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How to Create a MS-DOS Boot Partition

Updated July 20, 2017

A disk partition is used to configure your hard disk with a file system, which helps your computer recognise and properly manage it. An MS-DOS boot partition is achieved by creating a primary partition. Your primary partition must be active to successfully boot an operating system. This procedure is performed through a boot disk set-up utility from the MS-DOS command prompt.

Turn on your computer and press "F8" to launch the Windows Advanced Options menu. Select "Safe Mode With Command Prompt" and press "Enter." Alternatively, you may also click "Start," go to "Run," type "Cmd" and press "OK" from your Windows operating system.

Insert your boot disk into the computer's floppy disk drive. Type your floppy disk's drive letter, followed by a colon and press "Enter." The drive in question is typically "A" by default, so an example of this would be "A:".

Type "Fdisk" and press "Enter" to launch the MS-DOS proprietary partition utility. Type "Y" when asked "Do You Wish To Enable Large Disk Support?" and press "Enter." Note that your hard disk's capacity must be larger than 512MB. Otherwise, type "N" and press "Enter" so your hard disk is configured with an appropriate file system.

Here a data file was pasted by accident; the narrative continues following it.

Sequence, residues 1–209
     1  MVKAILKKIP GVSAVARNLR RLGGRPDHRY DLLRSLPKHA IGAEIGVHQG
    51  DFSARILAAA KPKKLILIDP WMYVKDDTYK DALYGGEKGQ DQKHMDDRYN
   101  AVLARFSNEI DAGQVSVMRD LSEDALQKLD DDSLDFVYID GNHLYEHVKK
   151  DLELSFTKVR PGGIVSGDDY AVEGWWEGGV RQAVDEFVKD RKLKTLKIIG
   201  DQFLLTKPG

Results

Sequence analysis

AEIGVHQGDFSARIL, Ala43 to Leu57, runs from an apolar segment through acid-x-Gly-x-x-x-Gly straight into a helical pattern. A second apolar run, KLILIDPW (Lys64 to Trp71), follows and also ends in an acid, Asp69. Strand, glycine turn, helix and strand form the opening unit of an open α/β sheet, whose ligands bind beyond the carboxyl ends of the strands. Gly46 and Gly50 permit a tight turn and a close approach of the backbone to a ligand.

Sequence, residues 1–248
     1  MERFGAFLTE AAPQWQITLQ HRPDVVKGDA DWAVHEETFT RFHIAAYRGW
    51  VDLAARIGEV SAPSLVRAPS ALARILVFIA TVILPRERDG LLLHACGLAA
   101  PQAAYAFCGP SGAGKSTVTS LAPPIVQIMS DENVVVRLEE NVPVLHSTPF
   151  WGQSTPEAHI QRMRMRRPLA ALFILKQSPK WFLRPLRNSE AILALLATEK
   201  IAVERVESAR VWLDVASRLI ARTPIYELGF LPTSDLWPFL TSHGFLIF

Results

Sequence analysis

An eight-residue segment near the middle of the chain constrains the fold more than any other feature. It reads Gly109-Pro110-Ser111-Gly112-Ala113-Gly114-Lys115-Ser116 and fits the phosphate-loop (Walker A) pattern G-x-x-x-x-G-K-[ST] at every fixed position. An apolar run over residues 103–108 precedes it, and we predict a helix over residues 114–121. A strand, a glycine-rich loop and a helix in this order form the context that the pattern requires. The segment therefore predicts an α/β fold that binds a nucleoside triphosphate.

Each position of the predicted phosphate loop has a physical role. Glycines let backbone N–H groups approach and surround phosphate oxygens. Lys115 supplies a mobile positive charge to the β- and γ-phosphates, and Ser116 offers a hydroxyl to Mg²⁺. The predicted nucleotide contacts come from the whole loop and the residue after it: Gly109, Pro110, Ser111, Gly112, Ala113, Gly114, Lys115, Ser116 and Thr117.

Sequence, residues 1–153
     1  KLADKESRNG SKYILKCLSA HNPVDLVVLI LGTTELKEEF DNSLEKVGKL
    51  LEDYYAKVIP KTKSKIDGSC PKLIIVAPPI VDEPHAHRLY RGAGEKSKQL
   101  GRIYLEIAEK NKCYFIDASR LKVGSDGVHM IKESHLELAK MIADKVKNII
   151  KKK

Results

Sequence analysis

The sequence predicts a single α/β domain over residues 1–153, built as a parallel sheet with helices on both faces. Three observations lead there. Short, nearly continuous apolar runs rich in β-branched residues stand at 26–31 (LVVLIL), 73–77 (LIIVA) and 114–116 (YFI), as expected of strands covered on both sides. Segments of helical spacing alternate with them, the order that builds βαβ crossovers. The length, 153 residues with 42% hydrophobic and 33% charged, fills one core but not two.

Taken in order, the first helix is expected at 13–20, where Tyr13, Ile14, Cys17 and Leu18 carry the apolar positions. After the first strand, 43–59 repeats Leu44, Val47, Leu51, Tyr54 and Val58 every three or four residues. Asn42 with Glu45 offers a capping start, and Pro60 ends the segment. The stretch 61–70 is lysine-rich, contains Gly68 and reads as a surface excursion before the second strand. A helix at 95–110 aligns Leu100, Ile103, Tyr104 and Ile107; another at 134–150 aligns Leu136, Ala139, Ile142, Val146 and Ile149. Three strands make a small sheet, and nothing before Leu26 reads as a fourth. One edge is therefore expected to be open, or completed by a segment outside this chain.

Type the number "5" to select which disk you wish to create the boot partition. Select from the list of available hard disks by typing their respective number and pressing "Enter."

Type the number "1" to select "Create Primary DOS Partition" and press "Enter." Type "Y" to have the system partition as the entire hard disk's capacity and set it to "Active." As a result, an active primary partition allows your hard disk to become bootable.

Warning

Note that a boot disk is necessary to launch the MS-DOS Fdisk utility. See resources for available download locations.

Things You'll Need

  • Boot Disk
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About the Author

Elvis Michael has been writing professionally since 2007, contributing technology articles to various online outlets. He is pursuing a Bachelor of Science in information technology at Northeastern University.